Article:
This, in turn, is leading to the enclosing of lands and forests of some of India’s most marginalised and climate-vulnerable communities—tribal communities and other forest dwellers—for climate-change mitigation, in violation of their legal rights (here and here) under the Panchayat (Extension to Scheduled Areas) or PESA Act, 1996, and the Forest Rights Act (FRA), 2006.
Plantations And How They Cause Conflict
Plantation-induced conflicts are rising, as Reuters and Undark have reported. India’s NDC document, submitted to the UNFCCC, makes no mention of respecting and safeguarding the rights of its indigenous and vulnerable communities.
A 2018 study recorded close to 100 case studies of conflicts in areas where customary lands and forests of local communities had been forcibly brought under compensatory afforestation by the forest department without informing, consulting or seeking the consent of the communities dependent on them.
Other programmes, such as the National Afforestation Programme, Green India Mission and state schemes have also been aggressively promoting plantations. Telangana ku Haritha Haram (Green Garland), the state government’s flagship programme to increase its forest cover to 33%, is a case in point.
Listed as a climate change mitigation action from the forestry sector in India’s submission to the UNFCCC, Haritha Haram has seen the eruption of huge protests where plantations have come up on podu (shifting cultivation) lands of tribal communities in the Scheduled Areas.
Protestors, including women, have been physically abused, manhandled, threatened with false charges and arrested, according to local groups and researchers. Tribal communities in “scheduled areas” are guaranteed special rights under the Constitution and legal rights under the PESA and FRA laws.
But these rights have been disregarded by the forest department (here and here). Communities now live in fear of dispossession from traditional lands with wide-ranging implications for their food and livelihood security.
The push to meet targets would also lead to monoculture plantations of fast-growing species. For instance, the Bonn challenge calls for restoration of 350 million hectares of degraded lands and forests globally by 2030.
A 2019 assessment that analysed the small print of government declarations about the kind of forests that would be restored found that 45% of the promised new forests would be monoculture plantations. Monoculture plantations provide few ecosystem functions.
Indeed, studies increasingly establish that they often decrease biodiversity and contribute directly to a greater incidence of forest fires. Consequently, forests become less resilient and forest-dependent communities, who are the frontline of climate disasters such as forest fires, more vulnerable to climate-change impacts.
That large-scale land-based mitigation measures such as afforestation/reforestation have “adverse side effects for adaptation, desertification, land degradation, biodiversity and food security” has also been affirmed in the 2019 Special Report on Climate Change and Land by the Intergovernmental Panel on Climate Change.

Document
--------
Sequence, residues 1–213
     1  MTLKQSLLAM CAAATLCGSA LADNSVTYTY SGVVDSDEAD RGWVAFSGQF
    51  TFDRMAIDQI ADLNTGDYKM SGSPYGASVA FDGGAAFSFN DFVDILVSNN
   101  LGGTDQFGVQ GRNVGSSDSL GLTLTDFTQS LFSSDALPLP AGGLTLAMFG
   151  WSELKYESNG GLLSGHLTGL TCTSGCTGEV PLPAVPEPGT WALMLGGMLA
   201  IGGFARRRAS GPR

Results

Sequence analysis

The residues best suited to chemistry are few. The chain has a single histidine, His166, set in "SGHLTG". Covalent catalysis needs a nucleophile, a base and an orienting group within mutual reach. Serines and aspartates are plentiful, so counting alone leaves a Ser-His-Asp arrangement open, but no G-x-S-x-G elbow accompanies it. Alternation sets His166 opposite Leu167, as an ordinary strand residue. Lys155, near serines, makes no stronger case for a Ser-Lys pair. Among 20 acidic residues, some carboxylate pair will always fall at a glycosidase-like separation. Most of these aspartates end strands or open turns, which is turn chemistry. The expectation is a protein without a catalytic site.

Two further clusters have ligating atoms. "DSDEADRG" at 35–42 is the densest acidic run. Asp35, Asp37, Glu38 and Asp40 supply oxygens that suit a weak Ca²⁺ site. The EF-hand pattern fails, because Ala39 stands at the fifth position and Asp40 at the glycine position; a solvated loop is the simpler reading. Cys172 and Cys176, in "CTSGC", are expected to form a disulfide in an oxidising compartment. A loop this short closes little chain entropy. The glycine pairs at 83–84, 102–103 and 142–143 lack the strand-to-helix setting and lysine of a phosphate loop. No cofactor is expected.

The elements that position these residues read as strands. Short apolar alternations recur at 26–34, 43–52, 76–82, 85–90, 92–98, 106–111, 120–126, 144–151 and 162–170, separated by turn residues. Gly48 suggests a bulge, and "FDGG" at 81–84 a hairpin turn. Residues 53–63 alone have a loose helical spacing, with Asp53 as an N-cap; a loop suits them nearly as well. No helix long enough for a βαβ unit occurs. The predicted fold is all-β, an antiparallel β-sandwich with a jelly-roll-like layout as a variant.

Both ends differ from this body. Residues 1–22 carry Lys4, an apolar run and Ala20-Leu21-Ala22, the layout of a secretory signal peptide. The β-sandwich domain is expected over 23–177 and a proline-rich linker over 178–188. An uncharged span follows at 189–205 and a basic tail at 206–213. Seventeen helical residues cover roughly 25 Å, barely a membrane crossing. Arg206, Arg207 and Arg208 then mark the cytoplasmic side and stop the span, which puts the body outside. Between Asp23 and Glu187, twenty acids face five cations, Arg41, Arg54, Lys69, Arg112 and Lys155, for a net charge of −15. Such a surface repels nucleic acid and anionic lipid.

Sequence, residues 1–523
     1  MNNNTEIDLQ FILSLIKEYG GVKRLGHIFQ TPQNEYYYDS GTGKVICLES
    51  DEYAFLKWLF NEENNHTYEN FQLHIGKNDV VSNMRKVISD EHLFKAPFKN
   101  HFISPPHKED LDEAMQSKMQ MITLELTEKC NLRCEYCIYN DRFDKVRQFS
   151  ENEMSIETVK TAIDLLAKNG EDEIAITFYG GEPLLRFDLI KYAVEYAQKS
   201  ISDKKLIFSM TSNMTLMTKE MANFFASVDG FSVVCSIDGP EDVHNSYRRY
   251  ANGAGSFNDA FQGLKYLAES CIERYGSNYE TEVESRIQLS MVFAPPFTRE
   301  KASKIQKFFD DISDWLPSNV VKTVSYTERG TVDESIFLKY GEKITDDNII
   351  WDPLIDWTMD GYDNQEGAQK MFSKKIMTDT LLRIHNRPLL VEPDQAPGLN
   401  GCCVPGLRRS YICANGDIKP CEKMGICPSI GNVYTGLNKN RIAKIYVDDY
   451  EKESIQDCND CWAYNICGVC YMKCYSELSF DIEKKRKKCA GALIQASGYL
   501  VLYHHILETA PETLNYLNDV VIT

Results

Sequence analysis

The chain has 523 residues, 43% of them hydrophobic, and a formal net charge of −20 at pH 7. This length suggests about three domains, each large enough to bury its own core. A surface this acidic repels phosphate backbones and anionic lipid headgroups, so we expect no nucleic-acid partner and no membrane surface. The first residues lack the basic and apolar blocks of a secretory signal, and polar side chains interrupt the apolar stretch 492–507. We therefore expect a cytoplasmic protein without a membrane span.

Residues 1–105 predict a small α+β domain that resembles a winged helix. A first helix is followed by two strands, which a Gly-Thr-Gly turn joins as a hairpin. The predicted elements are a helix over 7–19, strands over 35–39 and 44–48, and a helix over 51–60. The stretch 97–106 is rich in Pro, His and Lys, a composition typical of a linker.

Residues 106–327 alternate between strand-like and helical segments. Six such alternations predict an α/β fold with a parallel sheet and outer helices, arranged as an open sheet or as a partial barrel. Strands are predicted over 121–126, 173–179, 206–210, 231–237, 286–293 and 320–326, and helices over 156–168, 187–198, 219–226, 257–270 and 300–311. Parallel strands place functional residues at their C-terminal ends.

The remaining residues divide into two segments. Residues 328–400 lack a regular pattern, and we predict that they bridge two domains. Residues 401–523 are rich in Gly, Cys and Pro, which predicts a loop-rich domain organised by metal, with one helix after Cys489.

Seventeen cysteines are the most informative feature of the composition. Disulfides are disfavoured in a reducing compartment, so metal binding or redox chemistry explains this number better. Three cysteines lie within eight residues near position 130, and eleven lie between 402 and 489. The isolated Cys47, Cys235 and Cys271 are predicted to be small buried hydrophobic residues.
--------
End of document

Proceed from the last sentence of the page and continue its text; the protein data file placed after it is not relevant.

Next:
India Cannot Plant Its Way Out Of Climate Crisis
India’s greenhouse gas (GHG) emissions have risen by 33% from 2010 to 2016, but the government has made no commitments to reduce them significantly.
Instead, it is increasingly relying on the land and land-use sectors including forestry (LULUCF) to meet its climate pledges, with the share of this sector in removing India’s internal GHG emissions rising steadily over the years. The forestry NDC target can almost entirely soak up India’s 2016 annual GHG emissions.
In the absence of rapid emissions reduction and deep mitigation in other sectors, reliance on large-scale, land-based, climate change mitigation is projected to increase, according to the IPCC’s 2019 report.
The report further warns that aggravating existing pressures on land entail “higher risk of mitigation failure and of temperature overshoot and a transfer of the burden of mitigation and unabated climate change to future generations.”
Depending on carbon sinks to remove CO2 is also ill-advised, the IPCC report has said, as disturbances, such as flood, drought, fire, or pest outbreaks, expected to increase due to the climate crisis, could very likely lead to reversal of these sinks.
Clearly, India cannot plant its way out of the climate crisis.
What Is Possible Now?
For more than two decades, India has advocated a “democratization of carbon space” and “fair utilisation of this share” to justify the growth in its GHG emissions. Climate justice has been at the core of this advocacy strategy.
But experts have termed its climate targets and policies “highly insufficient” to keep the temperature rise below 2°C, primarily because of its continued reliance on fossil fuels.
If India’s climate action comes at the expense of food sovereignty, livelihood security and undermining legal rights of its marginalised communities, it will be denying climate justice to them. Women will be disproportionately impacted, both by the climate crisis and the implications of such mitigation actions.
“Instead of focusing on arbitrary and unrealistic targets such as the NDC, India must improve the resilience of ecosystems and landscapes that sustain communities who will be the worst impacted by climate change, despite contributing the least to it”, said C R Bijoy from the Campaign for Survival and Dignity, a national forum for forest dwellers.
Empowering these communities to manage and restore ecosystems has been proven to deliver positive climate, biodiversity and sustainable development benefits globally.
India has some of the world’s most inclusive land and forest governance frameworks to legally empower communities in resource management. Supporting their implementation will not only help India utilise these benefits but also secure climate justice for its most marginalised communities.
(Shruti Agarwal is an independent policy researcher working on issues of natural resource governance, community rights and climate change.)